August 3rd

Stickers from LyddenIt's now back to tweaking the car in preparation for the next outing. The next race is scheduled for Silverstone on the bank holiday weekend of 28th and 29th of this month. Before then I'm also planning on testing at the track on the 27th and I also have a, currently provisional, booking for a track day at Cadwell on the 19th. Not too sure whether I'll use that though as, to be honest, Cadwell gives me the collywobbles. It's a great track but it's very narrow and I really don't want to bend the car again. I may not be able to resist it though, especially as lots of local friends are going.

Before then I need to get the car sorted again. When I was at Lydden I managed to get the stickers that I needed for the car, at last. I really like the Yokohama sticker which is one of those clever devices where the separate letters are actually separate stickers, but held so that the spacing is correct.

I've sorted out a system for keeping records of the various races and test sessions. Hopefully so that I can watch how things improve, or otherwise. One consequence of this is that I now know that the car used 0.35 litres of fuel for each minute of the second race at Lydden. I shall be able to use that sort of information to control how much fuel I put into the car. It also means that the tank will last for about 50 minutes. (It's a 20 litre tank but the last 2 litres seem to be beyond the ability of the outlet pipe to suck up.

Back to the car I took it off the trailer again and have cleaned it up. Like the last race it had huge quantities of rubber all over the place. It almost seems as though I've got a tyre's worth in the car.

On a similar note it's clear that the tyres are still rubbing on the bodywork. I shall have to fix this properly now by actually dremelling away from of the bodywork. I didn't start doing that today as it will make a lot of mess and I didn't feel up to it. I had a look at some other cars in the paddock and it's clear than many of them do have bodywork that's modified in this way. I'm a bit concerned that the rear tub will end up even floppier after doing this, so I may just have to bond some more matting in to replace the strength I shall be removing. I shall also have to grind away from of the bonnet, but that seems less serious.

I still have problems with the transmission clonking. I spoke to Mark Fisher about this again at Lydden and he agreed that he could lend me a new diff to try. However, he's been on holiday since then and the chap I spoke to at the factory didn't seem to know where a diff might be anyway.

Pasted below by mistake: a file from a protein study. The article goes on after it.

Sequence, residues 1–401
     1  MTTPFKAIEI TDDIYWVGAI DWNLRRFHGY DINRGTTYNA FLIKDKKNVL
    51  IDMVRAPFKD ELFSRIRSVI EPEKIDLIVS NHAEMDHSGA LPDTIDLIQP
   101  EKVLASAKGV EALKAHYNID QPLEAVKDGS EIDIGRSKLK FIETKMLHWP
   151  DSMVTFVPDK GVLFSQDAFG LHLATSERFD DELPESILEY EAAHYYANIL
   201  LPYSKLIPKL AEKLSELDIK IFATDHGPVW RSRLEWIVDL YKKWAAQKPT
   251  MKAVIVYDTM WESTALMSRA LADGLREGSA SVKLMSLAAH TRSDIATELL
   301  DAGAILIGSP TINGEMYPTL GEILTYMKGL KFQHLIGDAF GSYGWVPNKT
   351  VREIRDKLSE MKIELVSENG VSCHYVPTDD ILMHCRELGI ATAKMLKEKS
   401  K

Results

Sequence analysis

August 4th

On with the fettling. This evening I started draining out the engine oil. The decision is to change the oil every other race. I say "started" because I need a filter in order to finish it so I'll go and buy one tomorrow. (With synthetic superbike oil the price it is this is going to be expensive!)

Grotty brakes, note the I noticed as I was pushing the car about that it seemed to be more difficult to move than usual, due to one of the front wheels not moving as smoothly as usual. After every other outing I've stripped and cleaned the brakes so I started doing it again. The time I found that one of the pad retaining rods had rotated around and the locating R clip has moved behind one of the pads which was causing the brakes to bind slightly. (That must explain why I was slow at the last race! See, I'm developing my racer's excuses already...)

You can see the aforesaid R clip on the lower of the two rods in this photo.

Wall to wall grotYou can also see the general grotty nature of the brakes, seen here after I removed the pads. That was a non-trivial process on account of the brakes being, sort of, jammed on.

Obviously the brakes get used very hard and get very hot. What's more, modern asbestos-free linings seem to generate much more unpleasant grot than the old poisonous variety.

Previously, I've been cleaning this stuff up laboriously by hand. However, this time I think I might try and get hold of some of the commercial brake cleaning products. They're supposed to clean this sort of stuff up so perhaps we'll see if they're as efficacious as they're claimed to be?

Back on the track front I decided to cave in today and paid my money for the track day at Cadwell on the 19th. Whatever happens, after this I'm going to be really slow through the hairpin...